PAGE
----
Hypothetical situation:

Party A contracts Party B to do some work. Payment's due some set number of days after the work is published.

Party B gets expectations that the work will be published sooner than it is, for whatever reason. Or maybe Party B thought it was more "on acceptance of completed work" because that's the sort of arrangement B has had in other circumstances.

Party A's deadlines get a little screwy, publication slips around a bit, but it eventually does get out the door. A bobbles the communication ball on this one, and B is in the dark for a long while, all along expecting payment to come sooner than it's necessarily contractually indicated to.

Party C gets wind of what's going on with Party B and hangs the dirty laundry out to dry, characterizing Party A as unethical, scummish, and worthy of boycot (regardless of whether or not this boycot would harm Party B's chances of getting paid by Party A).

Exercises for personal meditation:

Scenario #1: You're friends with Party A, and don't really know Party B at all. Who's being unreasonable here? Who's the asshole? What should have been done differently?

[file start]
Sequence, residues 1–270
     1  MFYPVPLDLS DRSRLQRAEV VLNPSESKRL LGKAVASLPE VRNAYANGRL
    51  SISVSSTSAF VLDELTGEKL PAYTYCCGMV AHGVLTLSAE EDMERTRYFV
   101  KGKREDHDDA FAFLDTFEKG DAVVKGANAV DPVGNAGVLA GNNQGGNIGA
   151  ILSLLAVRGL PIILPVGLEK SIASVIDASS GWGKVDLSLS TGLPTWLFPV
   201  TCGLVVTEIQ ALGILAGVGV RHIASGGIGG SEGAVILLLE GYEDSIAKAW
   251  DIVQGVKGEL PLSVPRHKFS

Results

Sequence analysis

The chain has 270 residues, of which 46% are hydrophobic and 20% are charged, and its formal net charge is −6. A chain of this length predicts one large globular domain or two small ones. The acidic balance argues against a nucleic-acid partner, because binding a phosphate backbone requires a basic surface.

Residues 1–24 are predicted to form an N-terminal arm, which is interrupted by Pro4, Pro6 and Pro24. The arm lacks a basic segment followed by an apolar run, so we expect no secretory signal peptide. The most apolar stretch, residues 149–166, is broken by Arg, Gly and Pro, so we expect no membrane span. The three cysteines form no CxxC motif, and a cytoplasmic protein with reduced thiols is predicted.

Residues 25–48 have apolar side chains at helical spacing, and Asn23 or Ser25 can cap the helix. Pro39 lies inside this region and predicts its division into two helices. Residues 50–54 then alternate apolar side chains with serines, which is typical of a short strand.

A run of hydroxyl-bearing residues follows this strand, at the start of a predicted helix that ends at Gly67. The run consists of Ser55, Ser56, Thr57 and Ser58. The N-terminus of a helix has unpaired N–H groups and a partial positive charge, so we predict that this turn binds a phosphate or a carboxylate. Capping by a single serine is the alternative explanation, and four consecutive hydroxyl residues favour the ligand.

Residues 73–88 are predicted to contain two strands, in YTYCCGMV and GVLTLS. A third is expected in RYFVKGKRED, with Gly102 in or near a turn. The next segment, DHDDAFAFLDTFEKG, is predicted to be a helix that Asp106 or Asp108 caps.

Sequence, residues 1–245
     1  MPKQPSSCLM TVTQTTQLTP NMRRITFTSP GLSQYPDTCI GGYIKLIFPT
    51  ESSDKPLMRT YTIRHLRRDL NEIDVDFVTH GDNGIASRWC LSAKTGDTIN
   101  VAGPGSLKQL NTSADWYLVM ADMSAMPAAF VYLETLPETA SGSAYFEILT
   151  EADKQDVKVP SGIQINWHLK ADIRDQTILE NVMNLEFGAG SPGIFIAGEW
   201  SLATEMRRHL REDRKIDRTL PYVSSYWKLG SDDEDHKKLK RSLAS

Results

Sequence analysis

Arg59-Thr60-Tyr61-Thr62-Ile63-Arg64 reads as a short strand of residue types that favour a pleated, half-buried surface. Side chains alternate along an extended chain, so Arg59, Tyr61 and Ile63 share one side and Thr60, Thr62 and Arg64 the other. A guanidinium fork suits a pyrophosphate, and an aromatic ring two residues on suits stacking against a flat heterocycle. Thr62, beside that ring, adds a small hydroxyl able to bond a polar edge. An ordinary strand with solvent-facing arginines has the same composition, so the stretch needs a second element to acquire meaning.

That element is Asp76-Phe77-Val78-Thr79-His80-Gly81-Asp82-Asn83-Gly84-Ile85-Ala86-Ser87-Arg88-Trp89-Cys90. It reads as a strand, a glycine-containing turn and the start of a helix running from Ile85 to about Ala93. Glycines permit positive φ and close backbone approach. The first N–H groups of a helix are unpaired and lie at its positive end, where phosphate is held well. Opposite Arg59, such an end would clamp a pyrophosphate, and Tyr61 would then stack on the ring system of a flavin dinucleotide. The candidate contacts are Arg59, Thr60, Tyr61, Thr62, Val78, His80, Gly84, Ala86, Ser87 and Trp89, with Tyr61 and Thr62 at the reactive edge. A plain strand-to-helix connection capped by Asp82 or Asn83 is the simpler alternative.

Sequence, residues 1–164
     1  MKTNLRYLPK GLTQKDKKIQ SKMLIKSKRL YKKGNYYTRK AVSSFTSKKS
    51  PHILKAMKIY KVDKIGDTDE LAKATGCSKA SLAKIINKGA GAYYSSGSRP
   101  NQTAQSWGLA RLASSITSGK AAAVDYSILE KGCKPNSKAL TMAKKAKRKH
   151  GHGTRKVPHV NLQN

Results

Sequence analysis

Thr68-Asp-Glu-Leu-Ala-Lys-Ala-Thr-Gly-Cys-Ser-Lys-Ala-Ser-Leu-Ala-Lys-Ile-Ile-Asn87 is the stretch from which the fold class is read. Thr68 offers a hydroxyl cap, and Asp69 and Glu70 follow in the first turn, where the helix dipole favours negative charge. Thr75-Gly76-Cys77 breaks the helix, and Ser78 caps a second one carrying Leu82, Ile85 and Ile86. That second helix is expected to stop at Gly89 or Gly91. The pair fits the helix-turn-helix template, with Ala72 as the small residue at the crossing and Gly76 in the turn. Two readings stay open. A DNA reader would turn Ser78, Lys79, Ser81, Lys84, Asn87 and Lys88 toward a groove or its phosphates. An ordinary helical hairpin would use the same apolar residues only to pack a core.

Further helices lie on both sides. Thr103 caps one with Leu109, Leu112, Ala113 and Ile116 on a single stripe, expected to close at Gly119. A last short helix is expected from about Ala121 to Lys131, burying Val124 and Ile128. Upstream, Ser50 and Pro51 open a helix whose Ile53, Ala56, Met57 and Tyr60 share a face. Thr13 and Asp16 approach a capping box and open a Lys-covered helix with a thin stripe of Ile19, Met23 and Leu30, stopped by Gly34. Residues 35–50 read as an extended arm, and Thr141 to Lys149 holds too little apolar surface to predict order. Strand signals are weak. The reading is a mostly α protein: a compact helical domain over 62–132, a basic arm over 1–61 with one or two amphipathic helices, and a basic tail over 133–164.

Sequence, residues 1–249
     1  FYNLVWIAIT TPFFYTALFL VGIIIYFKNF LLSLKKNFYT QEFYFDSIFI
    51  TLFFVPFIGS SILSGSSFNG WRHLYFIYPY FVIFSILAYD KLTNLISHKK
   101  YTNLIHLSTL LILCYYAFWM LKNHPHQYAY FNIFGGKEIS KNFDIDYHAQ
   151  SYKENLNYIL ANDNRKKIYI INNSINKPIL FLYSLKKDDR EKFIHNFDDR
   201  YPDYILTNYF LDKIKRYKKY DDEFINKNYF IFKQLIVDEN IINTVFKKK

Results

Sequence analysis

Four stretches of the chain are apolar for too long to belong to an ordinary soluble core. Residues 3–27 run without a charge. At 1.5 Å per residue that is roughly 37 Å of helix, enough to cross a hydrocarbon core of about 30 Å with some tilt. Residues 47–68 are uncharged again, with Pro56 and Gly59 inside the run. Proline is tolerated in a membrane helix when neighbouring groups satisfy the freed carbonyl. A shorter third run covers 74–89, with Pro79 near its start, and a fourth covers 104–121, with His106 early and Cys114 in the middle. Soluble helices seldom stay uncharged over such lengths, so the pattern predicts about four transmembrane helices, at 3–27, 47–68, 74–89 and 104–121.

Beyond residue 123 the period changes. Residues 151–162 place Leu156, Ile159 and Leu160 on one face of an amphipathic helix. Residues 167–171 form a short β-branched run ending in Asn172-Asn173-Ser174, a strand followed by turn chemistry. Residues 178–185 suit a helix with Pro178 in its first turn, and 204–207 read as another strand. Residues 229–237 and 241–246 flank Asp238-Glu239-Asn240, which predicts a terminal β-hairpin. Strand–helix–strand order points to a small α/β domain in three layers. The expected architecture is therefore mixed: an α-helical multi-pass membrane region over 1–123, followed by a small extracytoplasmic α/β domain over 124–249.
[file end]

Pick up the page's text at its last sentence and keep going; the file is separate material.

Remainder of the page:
Scenario #2: You're friends with Party B, and don't really know Party A at all. Who's being unreasonable here? Who's the asshole? What should have been done differently?

Scenario #3: You're friends with Party A and Party B. You've got a decent picture of what's going on from both sides of the situation. Who's being unreasonable here? Who's the asshole? What should have been done differently?

Scenario #4: You're Party C, but you haven't spoken out yet. What's the right way to do so? What's the wrong way? How does your message change based on which of the prior three scenarios describes your relationship with Party A and/or Party B?
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